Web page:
Passive House Institute launches ‘cost-effective’ passive building standard

The group says the building energy performance target is in the “sweet spot” where cost effectiveness overlaps with aggressive energy and carbon reduction.

March 29, 2015 |
Passive House Institute launches ‘cost-effective’ passive building standard

The Orchards at Orenco is currently under construction in Hillsboro, Ore., includes 57 units, making it the largest precertified Passive House building to date. Rendering: REACH Community Development

PHIUS (Passive House Institute US) launched the new PHIUS+ 2015 passive building standard on March 25.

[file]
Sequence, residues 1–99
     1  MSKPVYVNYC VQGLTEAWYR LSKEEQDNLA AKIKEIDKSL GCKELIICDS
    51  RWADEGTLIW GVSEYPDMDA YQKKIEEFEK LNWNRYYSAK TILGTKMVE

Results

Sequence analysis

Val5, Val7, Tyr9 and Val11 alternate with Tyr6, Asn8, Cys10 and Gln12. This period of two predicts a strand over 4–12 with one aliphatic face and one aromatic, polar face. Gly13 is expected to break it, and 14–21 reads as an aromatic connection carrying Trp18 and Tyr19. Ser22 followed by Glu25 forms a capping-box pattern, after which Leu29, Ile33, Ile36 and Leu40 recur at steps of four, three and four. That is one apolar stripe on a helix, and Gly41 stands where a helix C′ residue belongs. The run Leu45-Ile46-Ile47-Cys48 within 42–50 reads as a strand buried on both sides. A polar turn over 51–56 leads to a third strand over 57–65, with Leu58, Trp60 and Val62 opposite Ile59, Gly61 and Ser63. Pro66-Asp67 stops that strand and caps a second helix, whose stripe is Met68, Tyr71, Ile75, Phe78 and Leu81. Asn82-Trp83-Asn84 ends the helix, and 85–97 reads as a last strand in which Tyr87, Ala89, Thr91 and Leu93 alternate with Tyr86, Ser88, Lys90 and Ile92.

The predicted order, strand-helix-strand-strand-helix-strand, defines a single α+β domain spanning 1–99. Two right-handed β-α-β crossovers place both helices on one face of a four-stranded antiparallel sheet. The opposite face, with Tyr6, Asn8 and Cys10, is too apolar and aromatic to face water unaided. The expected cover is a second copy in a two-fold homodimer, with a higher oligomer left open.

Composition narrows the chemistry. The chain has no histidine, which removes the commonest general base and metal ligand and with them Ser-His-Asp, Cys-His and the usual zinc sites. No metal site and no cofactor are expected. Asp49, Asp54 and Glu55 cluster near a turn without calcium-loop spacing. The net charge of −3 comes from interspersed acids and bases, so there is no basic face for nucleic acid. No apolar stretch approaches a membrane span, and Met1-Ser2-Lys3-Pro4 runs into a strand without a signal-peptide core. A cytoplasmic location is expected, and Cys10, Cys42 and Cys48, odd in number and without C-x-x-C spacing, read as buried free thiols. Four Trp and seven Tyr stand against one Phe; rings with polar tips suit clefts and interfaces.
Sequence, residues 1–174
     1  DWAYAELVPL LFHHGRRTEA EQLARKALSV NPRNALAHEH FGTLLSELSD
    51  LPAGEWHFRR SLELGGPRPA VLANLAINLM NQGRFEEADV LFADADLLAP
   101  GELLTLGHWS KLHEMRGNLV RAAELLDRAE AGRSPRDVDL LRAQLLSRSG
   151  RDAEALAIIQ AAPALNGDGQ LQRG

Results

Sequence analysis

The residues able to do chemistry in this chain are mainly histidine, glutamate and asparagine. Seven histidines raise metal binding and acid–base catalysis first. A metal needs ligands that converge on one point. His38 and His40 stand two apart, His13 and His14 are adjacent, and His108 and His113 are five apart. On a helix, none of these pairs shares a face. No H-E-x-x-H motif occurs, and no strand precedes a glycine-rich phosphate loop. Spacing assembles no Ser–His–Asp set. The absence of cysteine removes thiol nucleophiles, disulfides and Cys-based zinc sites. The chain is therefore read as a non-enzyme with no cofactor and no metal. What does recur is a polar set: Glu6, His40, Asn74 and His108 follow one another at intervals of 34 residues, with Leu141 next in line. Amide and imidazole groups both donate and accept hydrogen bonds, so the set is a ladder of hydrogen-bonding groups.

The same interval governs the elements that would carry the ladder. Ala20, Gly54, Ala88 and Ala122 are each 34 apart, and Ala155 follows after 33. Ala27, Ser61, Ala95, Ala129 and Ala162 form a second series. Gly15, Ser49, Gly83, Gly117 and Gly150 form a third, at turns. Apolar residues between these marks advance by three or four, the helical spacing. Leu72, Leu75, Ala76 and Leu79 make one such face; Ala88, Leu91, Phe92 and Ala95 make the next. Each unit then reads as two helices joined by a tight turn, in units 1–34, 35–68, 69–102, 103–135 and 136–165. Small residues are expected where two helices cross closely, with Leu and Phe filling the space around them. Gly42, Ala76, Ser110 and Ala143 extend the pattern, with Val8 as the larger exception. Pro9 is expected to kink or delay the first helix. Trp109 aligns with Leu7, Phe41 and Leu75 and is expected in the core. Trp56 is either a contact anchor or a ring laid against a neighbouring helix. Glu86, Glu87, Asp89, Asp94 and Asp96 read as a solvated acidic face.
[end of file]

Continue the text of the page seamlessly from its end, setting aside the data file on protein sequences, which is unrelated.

PHIUS says the building energy performance target is in the “sweet spot” where cost effectiveness overlaps with aggressive energy and carbon reduction. It promises to ignite tremendous growth in the application of passive building principles, the organization says.

Formally known as PHIUS+ 2015 Passive Building Standard: North America, the standard is the product of nearly three years of research conducted by PHIUS in partnership with Building Science Corporation under a U.S. Department of Energy Building America grant.

The effort employed the National Renewable Energy Laboratory’s BEopt tool (for cost-optimizing) to develop optimized design guidelines for use in North America’s wide-ranging climate zones.

Passive building has gained great attention in recent years, but the adoption of passive principles—superinsulation, airtight envelope, energy recovery ventilation—has been slower than hoped because of cost and other disincentives. The new formula and standards remove those obstacles, PHIUS says.

Overlay Init